Air Tight ATM-211 tube monoblock power amplifier

Single-ended triode amplifiers (SETs) have a considerable following, but even their most devoted fans admit that its maximum power output is not among an SET's strengths. You'd be lucky to get an SET that puts out 7Wpc, and some (like those using the 45 tube) are closer to 2Wpc. Highly sensitive speakers (eg, horns) will tend to offset the power limitation, and SETs usually sound more powerful than their measurements indicate, but the laws of physics still apply: 2W is 2W, regardless of the kind of amplifier that produces it, and an amplifier's manner of clipping and recovery from overload take us only part of the way toward achieving greater volume.

Since I've settled on the Avantgarde Uno horn hybrid (now in Series 3.0 configuration) as my reference loudspeaker, I've been exploring the world of SETs, and I now have experience with amplifiers based on the 300B, 2A3, and 45 tubes. There is something special about SETs: a kind of midrange magic, a harmonic rightness that tends to elude other amplifier designs. I can appreciate why their fans are willing to put up with their power limitations and other idiosyncrasies.

But are there ways of getting more power out of a SET? There are at least two methods that I know of. One is to use two or more power tubes in parallel. The other is to use a single high-output power tube of the type originally developed for radio transmitters. The Air Tight ATM-211 falls in this category.

Description and Design
No doubt about it: the Air Tight ATM-211 is one gorgeous piece of gear. Its three large transformers occupy about three quarters of the chassis, their covers finished with what looks like automotive metallic lacquer of the highest quality. The rest of the chassis is taken up by the tubes and a bias meter. The big 211 tube is an impressive-looking beast, casting a warm glow (and emitting a fair amount of heat) when fired up. A 12AX7 and a 12BH7A comprise the rest of the tube complement.

A front-panel switch turns on the meter, which provides monitoring of the 211 tube's bias voltage; the bias can be adjusted with a trim pot accessible through a hole in the top of the chassis. The first time I used the amplifiers, both meters indicated a slight under-bias (after suitable warmup), which was easily corrected with the trim pot; the bias did not drift during the review period. Inputs are single-ended RCAs; the speaker terminals are made by WBT.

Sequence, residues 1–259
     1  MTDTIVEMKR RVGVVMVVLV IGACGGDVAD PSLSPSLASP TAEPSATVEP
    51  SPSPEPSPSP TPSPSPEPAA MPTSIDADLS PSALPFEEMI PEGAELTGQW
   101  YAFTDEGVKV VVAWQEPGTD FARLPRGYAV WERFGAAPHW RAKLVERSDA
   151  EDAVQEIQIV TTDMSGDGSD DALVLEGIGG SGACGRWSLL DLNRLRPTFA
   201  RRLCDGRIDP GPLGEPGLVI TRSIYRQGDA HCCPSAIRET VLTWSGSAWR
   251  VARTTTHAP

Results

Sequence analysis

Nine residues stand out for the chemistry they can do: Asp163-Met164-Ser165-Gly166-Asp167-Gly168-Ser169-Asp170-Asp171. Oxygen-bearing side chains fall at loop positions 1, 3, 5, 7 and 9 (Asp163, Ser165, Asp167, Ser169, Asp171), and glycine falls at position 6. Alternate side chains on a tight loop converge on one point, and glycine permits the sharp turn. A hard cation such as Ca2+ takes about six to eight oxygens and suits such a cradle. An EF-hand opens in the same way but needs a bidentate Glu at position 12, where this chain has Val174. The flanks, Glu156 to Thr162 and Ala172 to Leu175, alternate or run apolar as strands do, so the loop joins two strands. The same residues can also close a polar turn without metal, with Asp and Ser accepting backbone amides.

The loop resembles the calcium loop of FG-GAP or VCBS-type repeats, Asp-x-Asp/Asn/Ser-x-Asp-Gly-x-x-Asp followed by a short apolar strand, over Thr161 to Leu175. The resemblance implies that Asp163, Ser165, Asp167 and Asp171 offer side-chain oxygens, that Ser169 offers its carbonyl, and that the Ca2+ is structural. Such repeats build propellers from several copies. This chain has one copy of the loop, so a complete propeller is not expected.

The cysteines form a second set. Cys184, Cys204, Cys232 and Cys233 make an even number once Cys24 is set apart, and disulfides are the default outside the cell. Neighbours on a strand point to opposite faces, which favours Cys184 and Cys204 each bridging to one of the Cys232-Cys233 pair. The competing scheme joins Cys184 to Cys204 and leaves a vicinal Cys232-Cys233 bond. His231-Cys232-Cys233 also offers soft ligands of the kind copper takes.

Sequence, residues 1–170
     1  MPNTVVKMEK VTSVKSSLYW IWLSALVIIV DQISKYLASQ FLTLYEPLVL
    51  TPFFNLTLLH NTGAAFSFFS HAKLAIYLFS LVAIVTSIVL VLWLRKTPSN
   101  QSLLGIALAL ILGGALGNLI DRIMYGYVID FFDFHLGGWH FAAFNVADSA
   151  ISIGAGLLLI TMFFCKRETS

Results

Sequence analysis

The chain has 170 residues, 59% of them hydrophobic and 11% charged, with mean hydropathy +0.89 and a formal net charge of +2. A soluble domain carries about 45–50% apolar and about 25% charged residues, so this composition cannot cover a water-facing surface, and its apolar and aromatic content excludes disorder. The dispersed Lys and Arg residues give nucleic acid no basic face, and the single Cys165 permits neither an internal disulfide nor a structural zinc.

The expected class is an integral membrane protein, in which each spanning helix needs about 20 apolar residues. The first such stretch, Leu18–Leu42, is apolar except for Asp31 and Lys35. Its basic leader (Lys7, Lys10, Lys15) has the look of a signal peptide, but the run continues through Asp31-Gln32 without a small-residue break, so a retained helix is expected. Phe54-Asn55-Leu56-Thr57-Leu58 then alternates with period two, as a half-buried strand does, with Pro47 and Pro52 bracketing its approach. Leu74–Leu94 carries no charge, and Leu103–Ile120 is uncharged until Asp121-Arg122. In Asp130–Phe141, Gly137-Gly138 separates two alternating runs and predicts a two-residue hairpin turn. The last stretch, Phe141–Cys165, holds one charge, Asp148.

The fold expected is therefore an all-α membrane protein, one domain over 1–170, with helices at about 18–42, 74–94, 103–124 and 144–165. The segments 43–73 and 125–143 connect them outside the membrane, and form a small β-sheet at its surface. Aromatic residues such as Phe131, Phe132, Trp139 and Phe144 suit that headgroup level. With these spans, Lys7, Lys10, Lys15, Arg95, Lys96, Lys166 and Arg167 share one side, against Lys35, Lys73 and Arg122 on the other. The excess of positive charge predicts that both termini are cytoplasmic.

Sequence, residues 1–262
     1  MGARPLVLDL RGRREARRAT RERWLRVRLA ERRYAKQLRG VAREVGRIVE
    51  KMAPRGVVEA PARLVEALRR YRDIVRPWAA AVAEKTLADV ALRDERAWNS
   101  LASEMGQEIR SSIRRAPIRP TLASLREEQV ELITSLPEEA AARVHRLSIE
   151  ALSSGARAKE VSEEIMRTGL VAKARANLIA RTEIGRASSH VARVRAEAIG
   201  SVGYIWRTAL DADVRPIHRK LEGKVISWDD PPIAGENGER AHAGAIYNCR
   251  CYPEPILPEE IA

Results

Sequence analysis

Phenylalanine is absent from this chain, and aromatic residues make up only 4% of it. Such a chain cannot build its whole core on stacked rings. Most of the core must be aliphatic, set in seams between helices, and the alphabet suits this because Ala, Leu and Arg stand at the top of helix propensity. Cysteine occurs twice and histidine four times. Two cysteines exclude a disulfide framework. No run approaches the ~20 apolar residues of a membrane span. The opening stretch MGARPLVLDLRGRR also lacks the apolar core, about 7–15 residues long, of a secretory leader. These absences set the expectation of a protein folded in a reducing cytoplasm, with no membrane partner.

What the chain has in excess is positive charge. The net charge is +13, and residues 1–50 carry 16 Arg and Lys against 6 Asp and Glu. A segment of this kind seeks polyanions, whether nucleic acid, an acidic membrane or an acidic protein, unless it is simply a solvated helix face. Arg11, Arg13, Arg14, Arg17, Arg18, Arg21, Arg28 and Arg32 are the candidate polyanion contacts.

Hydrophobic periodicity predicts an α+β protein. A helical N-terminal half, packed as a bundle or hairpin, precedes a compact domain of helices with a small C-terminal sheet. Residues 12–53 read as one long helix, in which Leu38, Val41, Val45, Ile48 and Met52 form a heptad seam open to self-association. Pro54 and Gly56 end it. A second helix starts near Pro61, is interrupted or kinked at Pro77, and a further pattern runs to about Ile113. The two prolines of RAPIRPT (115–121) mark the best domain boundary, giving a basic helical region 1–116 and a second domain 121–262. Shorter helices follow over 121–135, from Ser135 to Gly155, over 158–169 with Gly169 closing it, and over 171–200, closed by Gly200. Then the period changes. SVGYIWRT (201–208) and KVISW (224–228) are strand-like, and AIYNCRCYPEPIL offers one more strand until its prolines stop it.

The ATM-211 has a feature seldom seen in power amplifiers: a volume control/attenuator. Although purist audiophiles are likely to object to having another set of contacts and a potentiometer in the signal path, the idea of a volume control in the amplifier is that this lets you set your preamp's volume control in the range of its optimum performance—and absolute purists with only a single CD source could connect it directly to the amplifier, using the amp to control volume. For those with preamps that have no balance control, the ATM-211's volume control provides a way of correcting left/right imbalances caused by slight differences in gain between the two channels or asymmetric room acoustics.

The ATM-211's design is said to follow that of Air Tight's highly successful ATM-300 (300B tube, 8Wpc), the 211 output tube permitting higher power. The ATM-211 operates in class-A with no overall negative feedback, and uses a direct-coupled cathode follower-driver, and a DC-driven heater filament that is claimed to eliminate hum. There is a relay muting circuit, intended to protect the electrolytic capacitors for the output tubes. (A blue indicator light flashes during this warmup period.) Volume control is provided by a 100k ohm variable resistor providing a shunt to ground. The output transformer comes set for a nominal 8 ohm load, but can be factory-configured for 4 or 16 ohms.

Air Tight
AXISS Distribution
17800 S. Main St., Suite 109
Gardena, CA 90248
(310) 329-0187